An “Orange Day” march planned in 1871 was nearly banned. But prominent businessmen and cartoonist Thomas Nast objected vehemently to this affront to Protestant rights. With Boss Tweed guaranteeing protection for the marchers, the 1871 parade stepped off, guarded by some 5,000 policemen and National Guard militia units. Almost immediately, the marchers were pelted with bottles, bricks, shoes and stones. Pitched battles continued along the parade route. When it was over, the rioting and street-fighting left sixty people dead, most of them Irish Catholic laborers as well as three Guardsmen.
The bloodshed of the successive “Orange Riots” and Tweed’s failure to secure the parade were crucial factors in the demise of his stranglehold on New York. The city’s newspapers and largely Protestant-controlled business and financial world turned on him. Tweed was deposed, eventually arrested and later convicted of corruption.
The deep enmity towards Catholics was alive and well when John F. Kennedy ran for president in 1960. He confronted questions of his faith in a memorable speech in Texas.
I believe in an America where the separation of church and state is absolute, where no Catholic prelate would tell the president (should he be Catholic) how to act, and no Protestant minister would tell his parishioners for whom to vote; where no church or church school is granted any public funds or political preference; and where no man is denied public office merely because his religion differs from the president who might appoint him or the people who might elect him.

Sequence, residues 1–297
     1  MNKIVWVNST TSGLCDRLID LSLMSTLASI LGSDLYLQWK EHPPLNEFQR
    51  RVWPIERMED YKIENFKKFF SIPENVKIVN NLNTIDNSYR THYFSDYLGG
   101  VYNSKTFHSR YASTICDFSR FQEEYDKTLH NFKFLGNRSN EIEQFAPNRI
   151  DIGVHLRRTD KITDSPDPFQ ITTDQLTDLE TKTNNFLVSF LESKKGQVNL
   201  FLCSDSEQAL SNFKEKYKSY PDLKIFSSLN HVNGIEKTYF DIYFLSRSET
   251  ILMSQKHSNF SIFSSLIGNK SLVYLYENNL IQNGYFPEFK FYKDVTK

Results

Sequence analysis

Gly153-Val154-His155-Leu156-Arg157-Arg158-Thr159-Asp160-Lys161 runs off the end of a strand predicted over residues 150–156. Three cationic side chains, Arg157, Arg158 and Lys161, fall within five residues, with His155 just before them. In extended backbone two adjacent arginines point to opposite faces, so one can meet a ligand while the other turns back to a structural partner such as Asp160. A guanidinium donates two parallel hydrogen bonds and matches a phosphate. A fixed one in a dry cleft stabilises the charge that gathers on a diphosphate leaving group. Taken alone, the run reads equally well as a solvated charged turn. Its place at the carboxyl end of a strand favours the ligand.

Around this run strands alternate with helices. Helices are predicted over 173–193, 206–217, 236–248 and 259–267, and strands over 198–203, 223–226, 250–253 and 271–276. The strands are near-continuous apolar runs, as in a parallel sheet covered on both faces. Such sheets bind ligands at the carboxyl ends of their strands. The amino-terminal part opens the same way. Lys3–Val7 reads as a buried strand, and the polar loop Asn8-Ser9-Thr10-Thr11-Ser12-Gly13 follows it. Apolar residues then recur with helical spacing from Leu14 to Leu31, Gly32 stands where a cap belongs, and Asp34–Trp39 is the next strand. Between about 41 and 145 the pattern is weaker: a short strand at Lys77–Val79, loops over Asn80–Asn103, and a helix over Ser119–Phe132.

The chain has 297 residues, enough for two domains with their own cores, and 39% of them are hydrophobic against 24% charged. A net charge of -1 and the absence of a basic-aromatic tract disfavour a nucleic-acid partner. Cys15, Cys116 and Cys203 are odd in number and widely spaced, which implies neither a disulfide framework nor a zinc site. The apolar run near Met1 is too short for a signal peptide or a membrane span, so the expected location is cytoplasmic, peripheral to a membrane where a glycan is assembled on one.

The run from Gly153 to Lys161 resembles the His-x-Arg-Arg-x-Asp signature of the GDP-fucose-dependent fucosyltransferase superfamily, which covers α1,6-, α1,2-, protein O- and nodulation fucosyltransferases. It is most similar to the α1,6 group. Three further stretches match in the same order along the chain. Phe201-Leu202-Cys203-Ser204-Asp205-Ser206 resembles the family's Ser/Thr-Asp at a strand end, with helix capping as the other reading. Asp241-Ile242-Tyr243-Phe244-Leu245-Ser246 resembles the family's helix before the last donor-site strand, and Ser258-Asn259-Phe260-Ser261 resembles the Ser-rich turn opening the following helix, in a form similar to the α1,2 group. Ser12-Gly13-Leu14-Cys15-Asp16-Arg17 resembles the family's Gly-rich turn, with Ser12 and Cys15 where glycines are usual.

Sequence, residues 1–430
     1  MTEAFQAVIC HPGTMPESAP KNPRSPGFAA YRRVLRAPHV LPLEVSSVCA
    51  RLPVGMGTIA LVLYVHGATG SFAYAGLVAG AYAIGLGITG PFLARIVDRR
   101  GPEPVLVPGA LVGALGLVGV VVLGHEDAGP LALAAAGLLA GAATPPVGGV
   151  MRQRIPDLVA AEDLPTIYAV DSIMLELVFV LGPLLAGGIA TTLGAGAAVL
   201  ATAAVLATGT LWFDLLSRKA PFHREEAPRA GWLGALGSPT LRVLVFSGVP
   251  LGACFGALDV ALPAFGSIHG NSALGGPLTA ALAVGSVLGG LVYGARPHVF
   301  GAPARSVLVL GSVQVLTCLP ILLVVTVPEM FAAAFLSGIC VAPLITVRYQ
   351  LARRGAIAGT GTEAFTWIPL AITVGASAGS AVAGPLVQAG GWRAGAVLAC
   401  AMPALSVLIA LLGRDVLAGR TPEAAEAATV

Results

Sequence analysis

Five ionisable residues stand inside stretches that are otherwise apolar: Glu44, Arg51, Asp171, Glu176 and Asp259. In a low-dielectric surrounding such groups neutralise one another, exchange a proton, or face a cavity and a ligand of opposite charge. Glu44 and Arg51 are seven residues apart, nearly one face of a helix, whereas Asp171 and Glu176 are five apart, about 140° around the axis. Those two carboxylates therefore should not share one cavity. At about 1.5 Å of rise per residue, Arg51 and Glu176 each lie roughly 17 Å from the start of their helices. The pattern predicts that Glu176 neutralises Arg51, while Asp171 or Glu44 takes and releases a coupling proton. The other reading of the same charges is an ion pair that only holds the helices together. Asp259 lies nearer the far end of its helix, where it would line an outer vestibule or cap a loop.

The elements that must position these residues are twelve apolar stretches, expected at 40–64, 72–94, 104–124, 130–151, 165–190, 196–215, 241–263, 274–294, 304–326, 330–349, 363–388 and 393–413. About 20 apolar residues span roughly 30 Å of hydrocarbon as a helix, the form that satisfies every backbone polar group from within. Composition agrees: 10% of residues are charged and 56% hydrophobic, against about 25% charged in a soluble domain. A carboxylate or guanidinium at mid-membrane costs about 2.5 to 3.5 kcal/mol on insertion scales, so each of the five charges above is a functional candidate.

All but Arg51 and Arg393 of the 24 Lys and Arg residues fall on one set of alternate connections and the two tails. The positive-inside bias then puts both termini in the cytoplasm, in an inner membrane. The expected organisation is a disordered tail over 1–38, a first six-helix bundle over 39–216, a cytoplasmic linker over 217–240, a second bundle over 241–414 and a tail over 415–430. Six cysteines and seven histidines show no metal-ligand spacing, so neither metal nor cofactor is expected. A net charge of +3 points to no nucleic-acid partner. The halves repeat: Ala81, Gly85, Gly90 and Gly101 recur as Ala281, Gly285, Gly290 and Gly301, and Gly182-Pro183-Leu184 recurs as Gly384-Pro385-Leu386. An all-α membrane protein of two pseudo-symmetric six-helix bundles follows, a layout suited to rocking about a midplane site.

But that did not stop New York’s most prominent Protestant voice, Norman Vincent Peale, from opposing him. Peale had very few positive thoughts about Kennedy’s faith. Working with Billy Graham and other Protestant clergy, Peale vigorously sought to defeat Kennedy –solely on the basis of his Catholic faith. “Faced with the election of a Catholic,” Peale was quoted in Newsweek, “our culture is at stake.”
As the Pope makes what will be a largely celebratory visit to New York –where almost everyone now pretends to be Irish for a day honoring the patron saint who brought Catholicism to Ireland – these reminders of America’s dark anti-Catholic past are an important corrective. The Pope’s sojourn in the Big Apple comes as the question of religion has been thrust into the political spotlight again. Republican contender Ben Carson told NBC’s “Meet the Press” that Islam was “not consistent with the Constitution.”
Once upon a time in America, it was Catholics whose faith was the sinister religion that Americans feared. The Pope, not the Ayatollah, was the threat to American democracy.
So welcome to America, Pope Francis. Say hello to the Statue of Liberty where we still talk a pretty good game about those “huddled masses yearning to breathe free.”
The subject of America’s anti-Catholic history is treated in my books America’s Hidden History and A Nation Rising.